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Farm a friendship with death - grief-loss

 

Why We Fear Death

"Men fear death as family fear to go in the dark. " - Bacon

There may be a thousand reasons why we fear death, but most of all we fear death as we fear the unknown, and death is an mysterious creature to most people. We fear that dying may be anguished and we do not know what will come to pass to us at the point of death.

Some ancestors fear death as they assume the dying administer to be very painful. Death is not painful. In fact, death is often very peaceful and silent even for those anguish from cancers or other airport illness.

When the bodily body is worsening day by day from a computer illness, and pain arises from superficial wound such as bed sores, or deep pain such as bone or nerve pain, death may even be a acceptable relief for the sufferer.

We need to differentiate the pain of the animal body from the course of dying. The dying administer is a conspicuous deal with that is break away from the corrosion of the corporal body. At the point of death, there is no pain.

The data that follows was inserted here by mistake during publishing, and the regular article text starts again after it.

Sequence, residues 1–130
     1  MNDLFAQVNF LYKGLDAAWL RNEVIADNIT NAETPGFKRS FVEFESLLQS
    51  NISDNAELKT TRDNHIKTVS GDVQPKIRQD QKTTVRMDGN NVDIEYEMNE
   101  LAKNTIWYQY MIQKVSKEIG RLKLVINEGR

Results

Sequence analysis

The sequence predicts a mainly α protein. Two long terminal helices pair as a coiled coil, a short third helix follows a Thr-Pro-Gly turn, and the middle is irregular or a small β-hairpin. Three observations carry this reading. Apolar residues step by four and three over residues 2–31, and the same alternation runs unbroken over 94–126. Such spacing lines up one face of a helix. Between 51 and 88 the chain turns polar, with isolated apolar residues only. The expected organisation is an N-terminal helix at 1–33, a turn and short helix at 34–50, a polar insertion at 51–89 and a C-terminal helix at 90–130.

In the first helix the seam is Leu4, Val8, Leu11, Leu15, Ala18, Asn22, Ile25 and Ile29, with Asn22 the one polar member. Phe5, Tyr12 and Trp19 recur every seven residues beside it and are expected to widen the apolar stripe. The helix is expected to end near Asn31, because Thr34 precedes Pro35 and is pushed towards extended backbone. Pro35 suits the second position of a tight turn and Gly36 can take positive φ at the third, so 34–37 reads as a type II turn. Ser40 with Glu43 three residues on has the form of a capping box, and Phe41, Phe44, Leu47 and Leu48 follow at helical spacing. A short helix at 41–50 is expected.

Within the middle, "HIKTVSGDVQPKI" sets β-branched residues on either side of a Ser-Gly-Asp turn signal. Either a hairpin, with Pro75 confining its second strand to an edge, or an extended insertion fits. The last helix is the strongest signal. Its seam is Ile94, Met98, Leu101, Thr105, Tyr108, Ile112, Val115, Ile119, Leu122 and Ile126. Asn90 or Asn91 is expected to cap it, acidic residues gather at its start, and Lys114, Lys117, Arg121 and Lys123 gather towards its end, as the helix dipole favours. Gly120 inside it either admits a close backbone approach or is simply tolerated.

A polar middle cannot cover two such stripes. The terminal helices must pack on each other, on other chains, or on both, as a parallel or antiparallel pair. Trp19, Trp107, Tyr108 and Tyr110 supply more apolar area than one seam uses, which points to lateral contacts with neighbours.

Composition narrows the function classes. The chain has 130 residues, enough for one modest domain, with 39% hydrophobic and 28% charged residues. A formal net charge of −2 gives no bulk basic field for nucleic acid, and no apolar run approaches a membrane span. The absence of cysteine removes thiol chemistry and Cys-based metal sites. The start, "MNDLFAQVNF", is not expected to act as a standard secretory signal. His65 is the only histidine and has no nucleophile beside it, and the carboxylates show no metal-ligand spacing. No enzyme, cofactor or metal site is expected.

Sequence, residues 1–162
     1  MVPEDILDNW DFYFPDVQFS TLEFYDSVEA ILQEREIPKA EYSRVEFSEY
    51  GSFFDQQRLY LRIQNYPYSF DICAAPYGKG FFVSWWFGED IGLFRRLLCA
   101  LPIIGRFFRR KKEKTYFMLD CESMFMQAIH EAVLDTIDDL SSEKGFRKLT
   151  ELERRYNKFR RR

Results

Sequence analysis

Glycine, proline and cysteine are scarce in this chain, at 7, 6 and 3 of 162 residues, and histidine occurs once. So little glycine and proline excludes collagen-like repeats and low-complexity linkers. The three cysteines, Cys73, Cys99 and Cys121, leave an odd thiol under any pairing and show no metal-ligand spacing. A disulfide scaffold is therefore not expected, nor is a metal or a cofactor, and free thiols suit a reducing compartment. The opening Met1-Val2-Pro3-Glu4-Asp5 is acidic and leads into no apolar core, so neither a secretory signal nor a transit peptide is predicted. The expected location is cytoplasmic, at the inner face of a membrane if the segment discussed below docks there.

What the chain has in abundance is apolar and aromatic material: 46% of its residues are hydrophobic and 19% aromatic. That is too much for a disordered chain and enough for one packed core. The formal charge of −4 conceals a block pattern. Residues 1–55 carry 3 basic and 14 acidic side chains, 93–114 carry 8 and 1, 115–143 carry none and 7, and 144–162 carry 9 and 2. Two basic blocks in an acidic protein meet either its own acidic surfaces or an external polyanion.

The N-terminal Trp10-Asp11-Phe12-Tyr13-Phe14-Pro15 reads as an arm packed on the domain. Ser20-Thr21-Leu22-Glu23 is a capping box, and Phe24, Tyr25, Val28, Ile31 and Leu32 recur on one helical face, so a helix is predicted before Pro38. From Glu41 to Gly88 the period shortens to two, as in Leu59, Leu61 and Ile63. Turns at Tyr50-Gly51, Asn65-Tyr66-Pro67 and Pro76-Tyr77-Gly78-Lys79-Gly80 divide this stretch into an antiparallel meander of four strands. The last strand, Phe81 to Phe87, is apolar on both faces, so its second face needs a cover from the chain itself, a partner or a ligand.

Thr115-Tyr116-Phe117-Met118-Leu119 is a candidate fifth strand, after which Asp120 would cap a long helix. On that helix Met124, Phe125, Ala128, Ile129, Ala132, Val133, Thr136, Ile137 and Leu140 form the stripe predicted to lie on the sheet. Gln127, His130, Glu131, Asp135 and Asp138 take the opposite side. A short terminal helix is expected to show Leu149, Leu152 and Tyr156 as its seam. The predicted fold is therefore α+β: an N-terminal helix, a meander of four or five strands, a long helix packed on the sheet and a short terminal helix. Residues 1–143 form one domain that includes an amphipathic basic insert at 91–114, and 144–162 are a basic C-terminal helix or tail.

What happens at death is the close of the breath and all other physiological functions of the bodily body. The heart stops pumping and the blood flow stops moving. The body stops generating heat, and thus little by little turns cold.

For those who consider that we are more than just a animal body, and that we are in fact spiritual beings, the dying course of action means much more than just bodily death. Death is just a accepted deal with that allows us to discard the brute body as we move into the spiritual realm.

Since our fear of death is due to the fact that we do not know or appreciate death, it makes sense to familiarise ourselves with it. The more we be au fait with death, the less we fear it. We must hence farm a friendship with death, and be absolutely customary with it, just as we are comfortable with our friends.

We can encourage a friendship with death in three austere steps: